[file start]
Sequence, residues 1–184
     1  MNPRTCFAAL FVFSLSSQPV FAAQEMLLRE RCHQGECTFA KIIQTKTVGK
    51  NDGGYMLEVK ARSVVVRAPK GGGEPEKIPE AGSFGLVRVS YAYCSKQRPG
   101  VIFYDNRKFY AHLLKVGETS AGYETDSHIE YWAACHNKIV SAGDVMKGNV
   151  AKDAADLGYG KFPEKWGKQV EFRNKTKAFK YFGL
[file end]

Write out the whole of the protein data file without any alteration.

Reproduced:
Sequence, residues 1–184
     1  MNPRTCFAAL FVFSLSSQPV FAAQEMLLRE RCHQGECTFA KIIQTKTVGK
    51  NDGGYMLEVK ARSVVVRAPK GGGEPEKIPE AGSFGLVRVS YAYCSKQRPG
   101  VIFYDNRKFY AHLLKVGETS AGYETDSHIE YWAACHNKIV SAGDVMKGNV
   151  AKDAADLGYG KFPEKWGKQV EFRNKTKAFK YFGL